Creekside Discovery Centre
Creekside Discovery Centre is run by the Creekside Education Trust, a company with charitable status.
Creekside Education Trust was founded in 1999. The Trust's mission is to work with the local and wider community to sustain and promote the regeneration of Deptford Creek through education, conservation and the forging of partnerships. We also aim to act as a voice for nature conservation and biodiversity in the area.
We are committed to the long-term management of Deptford Creek for people and wildlife. Connecting real people with really wild wildlife. We works with others to promote the long term care of the Creek by:
- Providing opportunities for access, real information and opportunities to get involved
- Keeping a watchful eye on the flora and fauna and trying to deal with problem issues as they arise
- Provide a focal point and voice for the Creek
- Facilitating sessions on local habitats, their management and the value of the local wildlife living there
- Offering ecological planning advice for Creek wall improvements and local habitats to developers and partners
If you are interested in finding out more about us or would like to get involved in our work, please contact the Creekside Discovery Centre.
Deptford - ‘Deep Ford’ - was named after its tidal Creek. As the tide falls each day it exposes almost a kilometre of riverbed providing an opportunity for adventure and education that can’t be found anywhere else in London.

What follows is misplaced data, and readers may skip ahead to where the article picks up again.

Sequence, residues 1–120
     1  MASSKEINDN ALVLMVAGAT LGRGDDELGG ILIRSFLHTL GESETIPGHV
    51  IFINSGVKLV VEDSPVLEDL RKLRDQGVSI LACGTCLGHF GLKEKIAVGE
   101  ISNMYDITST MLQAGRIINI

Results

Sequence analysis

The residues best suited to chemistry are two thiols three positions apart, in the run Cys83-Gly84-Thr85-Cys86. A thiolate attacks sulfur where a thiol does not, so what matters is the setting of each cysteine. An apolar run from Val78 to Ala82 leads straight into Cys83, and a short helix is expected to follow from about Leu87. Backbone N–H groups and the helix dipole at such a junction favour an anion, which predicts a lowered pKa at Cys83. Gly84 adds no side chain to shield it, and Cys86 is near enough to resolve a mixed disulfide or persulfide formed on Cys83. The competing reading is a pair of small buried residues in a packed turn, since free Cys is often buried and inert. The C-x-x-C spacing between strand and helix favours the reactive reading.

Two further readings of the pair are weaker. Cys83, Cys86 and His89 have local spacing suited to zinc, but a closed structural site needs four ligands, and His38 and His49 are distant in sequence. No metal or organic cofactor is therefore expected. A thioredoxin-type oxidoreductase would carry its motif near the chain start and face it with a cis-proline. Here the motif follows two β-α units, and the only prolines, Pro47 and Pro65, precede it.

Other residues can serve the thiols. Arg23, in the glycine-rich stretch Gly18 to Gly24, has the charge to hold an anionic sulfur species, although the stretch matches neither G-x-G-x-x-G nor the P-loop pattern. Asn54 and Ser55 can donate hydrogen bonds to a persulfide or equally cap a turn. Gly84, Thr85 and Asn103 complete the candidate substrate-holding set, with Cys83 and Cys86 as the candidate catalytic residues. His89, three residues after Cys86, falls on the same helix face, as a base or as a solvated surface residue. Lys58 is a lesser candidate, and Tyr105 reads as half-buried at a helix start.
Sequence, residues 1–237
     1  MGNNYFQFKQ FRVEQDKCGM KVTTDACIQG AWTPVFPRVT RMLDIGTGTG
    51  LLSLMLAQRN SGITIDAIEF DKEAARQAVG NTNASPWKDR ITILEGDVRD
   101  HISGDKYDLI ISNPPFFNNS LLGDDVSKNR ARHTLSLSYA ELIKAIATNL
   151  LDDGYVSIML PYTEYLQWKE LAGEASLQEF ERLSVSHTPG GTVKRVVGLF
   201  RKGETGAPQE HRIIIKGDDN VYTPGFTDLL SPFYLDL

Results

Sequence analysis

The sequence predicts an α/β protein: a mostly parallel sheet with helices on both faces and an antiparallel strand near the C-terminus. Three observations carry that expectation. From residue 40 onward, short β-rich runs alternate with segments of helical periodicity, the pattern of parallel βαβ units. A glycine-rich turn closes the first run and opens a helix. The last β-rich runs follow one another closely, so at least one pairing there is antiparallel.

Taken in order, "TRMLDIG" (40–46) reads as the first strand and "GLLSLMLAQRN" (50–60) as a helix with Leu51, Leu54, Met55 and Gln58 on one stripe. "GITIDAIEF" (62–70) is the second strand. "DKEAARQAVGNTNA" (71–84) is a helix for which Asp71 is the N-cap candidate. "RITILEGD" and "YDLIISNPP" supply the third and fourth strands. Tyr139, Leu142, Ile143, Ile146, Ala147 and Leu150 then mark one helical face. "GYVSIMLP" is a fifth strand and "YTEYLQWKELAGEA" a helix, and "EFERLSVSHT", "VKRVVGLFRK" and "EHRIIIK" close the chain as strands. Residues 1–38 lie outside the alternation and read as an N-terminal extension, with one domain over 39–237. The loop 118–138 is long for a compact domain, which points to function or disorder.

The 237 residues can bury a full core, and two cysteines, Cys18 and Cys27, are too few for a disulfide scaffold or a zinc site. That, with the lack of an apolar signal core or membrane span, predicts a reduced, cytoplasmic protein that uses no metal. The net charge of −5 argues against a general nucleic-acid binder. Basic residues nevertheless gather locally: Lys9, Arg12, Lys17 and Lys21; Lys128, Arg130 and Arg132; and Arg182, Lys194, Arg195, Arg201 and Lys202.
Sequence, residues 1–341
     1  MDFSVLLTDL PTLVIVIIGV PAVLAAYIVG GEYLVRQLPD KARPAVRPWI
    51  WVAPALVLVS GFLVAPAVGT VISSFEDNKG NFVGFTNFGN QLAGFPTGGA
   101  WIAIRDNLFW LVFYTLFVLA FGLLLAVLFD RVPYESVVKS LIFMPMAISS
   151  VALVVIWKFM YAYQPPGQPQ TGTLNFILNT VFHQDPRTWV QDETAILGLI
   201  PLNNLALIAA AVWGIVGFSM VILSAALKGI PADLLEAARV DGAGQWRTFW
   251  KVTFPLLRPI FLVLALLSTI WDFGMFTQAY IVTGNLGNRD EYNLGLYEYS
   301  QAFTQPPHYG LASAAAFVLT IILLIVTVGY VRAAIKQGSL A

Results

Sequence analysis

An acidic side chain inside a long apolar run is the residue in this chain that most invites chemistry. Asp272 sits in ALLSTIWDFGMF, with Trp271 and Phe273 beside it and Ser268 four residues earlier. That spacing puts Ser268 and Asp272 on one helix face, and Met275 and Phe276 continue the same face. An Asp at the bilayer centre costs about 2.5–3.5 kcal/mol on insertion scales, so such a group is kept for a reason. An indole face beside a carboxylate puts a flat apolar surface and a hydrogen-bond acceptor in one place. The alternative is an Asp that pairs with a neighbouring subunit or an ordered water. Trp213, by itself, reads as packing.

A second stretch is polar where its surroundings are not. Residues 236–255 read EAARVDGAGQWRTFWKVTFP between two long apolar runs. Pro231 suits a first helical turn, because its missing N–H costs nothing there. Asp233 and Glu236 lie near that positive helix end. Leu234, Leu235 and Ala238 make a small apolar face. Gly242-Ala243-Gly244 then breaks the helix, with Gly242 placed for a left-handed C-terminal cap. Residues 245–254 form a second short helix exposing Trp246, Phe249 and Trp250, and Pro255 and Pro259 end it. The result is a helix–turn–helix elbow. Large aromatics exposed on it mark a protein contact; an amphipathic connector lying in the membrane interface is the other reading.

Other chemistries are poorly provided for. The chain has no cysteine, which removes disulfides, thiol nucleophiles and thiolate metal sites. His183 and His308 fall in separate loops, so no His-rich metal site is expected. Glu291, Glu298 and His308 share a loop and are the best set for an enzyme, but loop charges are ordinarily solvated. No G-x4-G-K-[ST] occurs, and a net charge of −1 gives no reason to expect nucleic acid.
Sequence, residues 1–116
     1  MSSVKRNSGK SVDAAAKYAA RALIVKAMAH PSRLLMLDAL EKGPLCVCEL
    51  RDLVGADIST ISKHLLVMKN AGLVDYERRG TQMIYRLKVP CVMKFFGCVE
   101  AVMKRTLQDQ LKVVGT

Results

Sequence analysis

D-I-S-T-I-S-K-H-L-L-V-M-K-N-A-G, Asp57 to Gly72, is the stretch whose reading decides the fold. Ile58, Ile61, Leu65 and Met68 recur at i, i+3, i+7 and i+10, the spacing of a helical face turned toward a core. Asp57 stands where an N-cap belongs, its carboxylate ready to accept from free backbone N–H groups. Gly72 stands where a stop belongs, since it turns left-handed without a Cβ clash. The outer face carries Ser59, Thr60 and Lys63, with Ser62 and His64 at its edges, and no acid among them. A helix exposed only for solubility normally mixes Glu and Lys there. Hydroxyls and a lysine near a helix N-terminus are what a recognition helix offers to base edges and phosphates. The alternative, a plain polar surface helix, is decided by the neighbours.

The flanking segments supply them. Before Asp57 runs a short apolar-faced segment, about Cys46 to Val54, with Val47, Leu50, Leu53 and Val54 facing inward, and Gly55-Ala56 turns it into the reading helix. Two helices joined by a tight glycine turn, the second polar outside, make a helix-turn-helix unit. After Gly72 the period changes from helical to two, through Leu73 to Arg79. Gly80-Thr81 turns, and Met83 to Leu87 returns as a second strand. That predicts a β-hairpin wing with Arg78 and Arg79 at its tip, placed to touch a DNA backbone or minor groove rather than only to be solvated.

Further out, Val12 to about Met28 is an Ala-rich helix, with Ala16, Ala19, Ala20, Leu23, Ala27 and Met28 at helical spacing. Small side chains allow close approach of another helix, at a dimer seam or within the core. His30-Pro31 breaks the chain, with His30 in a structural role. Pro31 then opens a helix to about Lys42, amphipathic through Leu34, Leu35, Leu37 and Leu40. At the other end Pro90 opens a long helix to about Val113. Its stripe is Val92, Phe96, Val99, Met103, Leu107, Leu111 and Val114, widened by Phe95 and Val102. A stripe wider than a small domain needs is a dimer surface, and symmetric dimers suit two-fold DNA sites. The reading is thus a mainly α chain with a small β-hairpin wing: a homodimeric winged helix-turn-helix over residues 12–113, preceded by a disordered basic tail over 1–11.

Deptford Creek has a long history of fishing, shipbuilding and dockyards. Trades and industries from chemical works to tidal mills and slaughterhouses have all used its banks. London’s first passenger railway crosses it and Bazelgette’s famous sewage pumping station is alongside it.
The Creek’s waters, muddy banks and flood defence walls are home to a wide variety of wildlife including shrimps, crabs, fish, birds and many species of wildflower.
Visit the Creekside Discovery Centre, set in its own wild environment with a living roof and exclusive access to Deptford Creek via a small beach to find out more about this fascinating area.
Sue Godfrey Nature Park
A wild space with over 200 species of wildflowers, shrubs and trees and a wide variety of invertebrates including butterflies, grasshoppers and crickets…
Sue Godfrey Nature Park was established in 1984 after a lengthy campaign by local residents, including Sue Godfrey who sadly died in 1989. It is a council-owned site which Creekside Education Trust has the contract to maintain. The space is open to the public and is used by the centre for conservation and educational activities.
Management of the site is necessary to maintain the current high diversity of species and habitats. About 75 per cent of the grass is cut every year which prevents trees and shrubs from overrunning the site. The cuttings are removed to keep nutrient levels low; high nutrient levels allow a few vigorous species to dominate at the expense of many others.